One need to not be abstract about what the people have declared they want. When the Government sued Apple and the publishers over the agency model, the comments on this site were at least 10 to 1 in favor of the suit against Apple because the agency model resulted in books prices going up. 

     

    The arguments are similarly made against Apple because the prices Apple charges for their hardware exceed by a considerable amount the prices for competing offerings from other companies. In fact, they are so high that if Apple were able to build their products in the US while at the same time paying considerably more than a living wage, the prices of their products would change very little -- according Tim Cook. (Though I have to wonder whether that argument holds water, given the wages Apple pays their Apple Store employees). 

     

    No, DOJ is not corrupt -- at least not in this regard. The DOJ's positions and resulting SCOTUS decisions have effectively destroyed any chance of a vibrant and fair and effective economy, but that has been indirectly what the american consumer has been voting at the ballot box. 

  • Reply 16 of 39
    malaxmalax Posts: 1,598member
    Quote:

    Originally Posted by Maestro64 View Post

     

    I find it interesting the judge made the statement about predatory pricing, which is illegal in the US. He is telling the DOJ they need to prove Amazon was not using predatory pricing practices to prove their case. This could be an interesting case. 


    Predatory pricing is not illegal in the US per se (it is in France).  It's only illegal as a tool to create or maintain a monopoly--and it's basically impossible to prove this in court.  http://en.wikipedia.org/wiki/Predatory_pricing#United_States  So feel free to run a money-losing business.  It's legal and strategically foolish.

     

    I don't think Apple did anything wrong in this case, but I also don't want the Feds coming down on Amazon (or Walmart) for selling goods as cheaply as they can.

  • Reply 17 of 39
    maestro64maestro64 Posts: 4,371member
    Quote:
    Originally Posted by Flaneur View Post



    Philip Elmer-DeWitt at Fortune has a funny courtroom story on this today, not to be missed.



    http://fortune.com/author/philip-elmer-dewitt/

    yep he nails it and glad the judges pointed out what I said all long, Amazon was the one they should have gone after for their predatory practices. this may backfire really bad on the DOJ.

     

    It sounds like someone in the DOJ office was on the take similar to the IRS targeting the tea party groups for a special examine.

  • Reply 18 of 39
    maestro64maestro64 Posts: 4,371member
    Quote:
    Originally Posted by malax View Post

     

    Predatory pricing is not illegal in the US per se (it is in France).  It's only illegal as a tool to create or maintain a monopoly--and it's basically impossible to prove this in court.  http://en.wikipedia.org/wiki/Predatory_pricing#United_States  So feel free to run a money-losing business.  It's legal and strategically foolish.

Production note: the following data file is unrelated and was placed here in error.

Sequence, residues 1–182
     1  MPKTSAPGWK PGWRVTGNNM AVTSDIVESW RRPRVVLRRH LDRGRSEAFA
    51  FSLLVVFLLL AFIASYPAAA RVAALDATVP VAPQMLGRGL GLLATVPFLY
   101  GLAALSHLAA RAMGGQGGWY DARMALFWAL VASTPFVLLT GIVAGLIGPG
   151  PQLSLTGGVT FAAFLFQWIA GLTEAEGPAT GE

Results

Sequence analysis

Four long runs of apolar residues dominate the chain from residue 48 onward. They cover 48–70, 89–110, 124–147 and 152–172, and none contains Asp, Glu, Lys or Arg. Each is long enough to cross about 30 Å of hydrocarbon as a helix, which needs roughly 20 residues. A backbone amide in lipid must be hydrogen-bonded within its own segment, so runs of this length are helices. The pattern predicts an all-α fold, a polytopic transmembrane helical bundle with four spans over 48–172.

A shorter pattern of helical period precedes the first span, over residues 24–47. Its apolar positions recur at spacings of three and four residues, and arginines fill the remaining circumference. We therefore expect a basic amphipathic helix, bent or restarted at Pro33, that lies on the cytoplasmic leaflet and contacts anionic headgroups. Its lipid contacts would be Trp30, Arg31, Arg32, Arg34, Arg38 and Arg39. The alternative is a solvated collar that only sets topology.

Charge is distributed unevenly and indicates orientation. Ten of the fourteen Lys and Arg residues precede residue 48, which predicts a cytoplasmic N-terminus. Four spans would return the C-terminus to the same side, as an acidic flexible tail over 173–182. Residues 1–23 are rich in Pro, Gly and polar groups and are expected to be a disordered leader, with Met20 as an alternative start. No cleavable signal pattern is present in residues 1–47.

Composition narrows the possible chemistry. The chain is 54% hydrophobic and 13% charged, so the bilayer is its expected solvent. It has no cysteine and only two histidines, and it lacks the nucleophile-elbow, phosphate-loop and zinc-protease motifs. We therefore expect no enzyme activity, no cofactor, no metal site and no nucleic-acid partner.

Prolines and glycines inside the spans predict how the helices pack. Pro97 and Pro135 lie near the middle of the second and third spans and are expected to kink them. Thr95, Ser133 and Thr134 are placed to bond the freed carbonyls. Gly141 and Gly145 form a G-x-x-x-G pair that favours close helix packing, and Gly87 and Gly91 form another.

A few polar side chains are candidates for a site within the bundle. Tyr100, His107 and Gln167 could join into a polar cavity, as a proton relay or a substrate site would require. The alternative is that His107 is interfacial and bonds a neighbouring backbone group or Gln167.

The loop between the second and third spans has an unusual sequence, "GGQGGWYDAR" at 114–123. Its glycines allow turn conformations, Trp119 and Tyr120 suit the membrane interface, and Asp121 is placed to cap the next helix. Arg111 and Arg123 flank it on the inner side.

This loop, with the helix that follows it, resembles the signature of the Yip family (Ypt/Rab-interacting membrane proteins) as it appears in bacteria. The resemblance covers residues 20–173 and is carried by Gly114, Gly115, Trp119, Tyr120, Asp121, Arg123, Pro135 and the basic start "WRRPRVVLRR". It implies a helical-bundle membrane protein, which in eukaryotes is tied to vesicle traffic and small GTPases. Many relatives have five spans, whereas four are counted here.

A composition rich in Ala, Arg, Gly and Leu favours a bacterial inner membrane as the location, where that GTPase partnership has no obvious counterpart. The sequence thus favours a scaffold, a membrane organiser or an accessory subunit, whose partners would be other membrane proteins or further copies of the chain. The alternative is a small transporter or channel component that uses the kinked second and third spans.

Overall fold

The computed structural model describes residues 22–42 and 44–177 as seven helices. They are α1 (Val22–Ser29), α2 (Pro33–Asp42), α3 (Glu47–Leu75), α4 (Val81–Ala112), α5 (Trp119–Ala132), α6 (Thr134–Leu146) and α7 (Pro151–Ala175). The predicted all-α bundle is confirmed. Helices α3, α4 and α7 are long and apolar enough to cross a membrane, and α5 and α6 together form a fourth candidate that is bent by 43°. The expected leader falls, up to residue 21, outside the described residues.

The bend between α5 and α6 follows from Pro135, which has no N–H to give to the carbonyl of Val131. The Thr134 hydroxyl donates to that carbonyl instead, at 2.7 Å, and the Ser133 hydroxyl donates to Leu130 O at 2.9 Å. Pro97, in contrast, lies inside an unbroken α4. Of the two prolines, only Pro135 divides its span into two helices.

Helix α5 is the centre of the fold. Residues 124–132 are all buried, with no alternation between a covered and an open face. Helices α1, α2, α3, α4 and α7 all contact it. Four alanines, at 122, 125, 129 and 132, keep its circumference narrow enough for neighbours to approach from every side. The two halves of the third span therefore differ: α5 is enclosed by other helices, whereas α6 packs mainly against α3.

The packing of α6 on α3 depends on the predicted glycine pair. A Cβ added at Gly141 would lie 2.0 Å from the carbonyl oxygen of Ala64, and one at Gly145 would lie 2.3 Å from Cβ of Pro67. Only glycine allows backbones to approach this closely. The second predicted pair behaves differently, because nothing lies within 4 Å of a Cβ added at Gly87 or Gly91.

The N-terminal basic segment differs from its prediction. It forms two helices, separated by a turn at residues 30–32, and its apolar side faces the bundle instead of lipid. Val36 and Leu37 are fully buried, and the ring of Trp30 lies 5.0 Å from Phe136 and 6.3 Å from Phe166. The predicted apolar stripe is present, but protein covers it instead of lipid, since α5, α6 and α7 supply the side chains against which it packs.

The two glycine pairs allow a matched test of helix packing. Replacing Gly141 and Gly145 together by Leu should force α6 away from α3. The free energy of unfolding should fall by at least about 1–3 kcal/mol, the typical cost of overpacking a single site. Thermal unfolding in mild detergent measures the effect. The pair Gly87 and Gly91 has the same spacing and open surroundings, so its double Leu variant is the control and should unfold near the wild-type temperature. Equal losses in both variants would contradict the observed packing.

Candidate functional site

I don't think Apple did anything wrong in this case, but I also don't want the Feds coming down on Amazon (or Walmart) for selling goods as cheaply as they can.


    Your right you are allowed to loose you shirt doing your business as long as it does not hurt competitors which can be easily shown in this case, how many book stores when out of business of Amazon's practices. Also, it illegal to sell to the US government below costs, I would bet Amazon in fact sells to the US government. The reason it is illegal is like buying the business from the government.

     

    Yes we know Wal-mart some time sell at a lower cost then they bought (lost leader) or most time they sell at profits to the point where they trying to clear the shelves of the last products they have (they already made all the profits they going to make) so they dump the rest at cost or below, again this all allowed. Also Walmart makes a profit and they do not do things which will not allow companies like Target or other to compete. If you ever do price comparison at walmart their ever day price are the same as most other stores some times they are lower.

  • Reply 19 of 39
    thttht Posts: 3,013member
    Quote:
    Originally Posted by anantksundaram View Post

     

    Did it say somewhere that Apple was presenting its side? 




    AI doesn't have much of anything about the proceedings. They just started today. Don't know how long it will go.

     

    We will see how it goes. Like I said, while the arguments may be convincing, you never know what goes through the minds of the judges or the jury in these things.

  • Reply 20 of 39
    Quote:

    Originally Posted by THT View Post

     



    AI doesn't have much of anything about the proceedings. They just started today. Don't know how long it will go.

     

    We will see how it goes. Like I said, while the arguments may be convincing, you never know what goes through the minds of the judges or the jury in these things.




    According to The Verge, the case is now 'in the hands of the jurors'.

Sign In or Register to comment.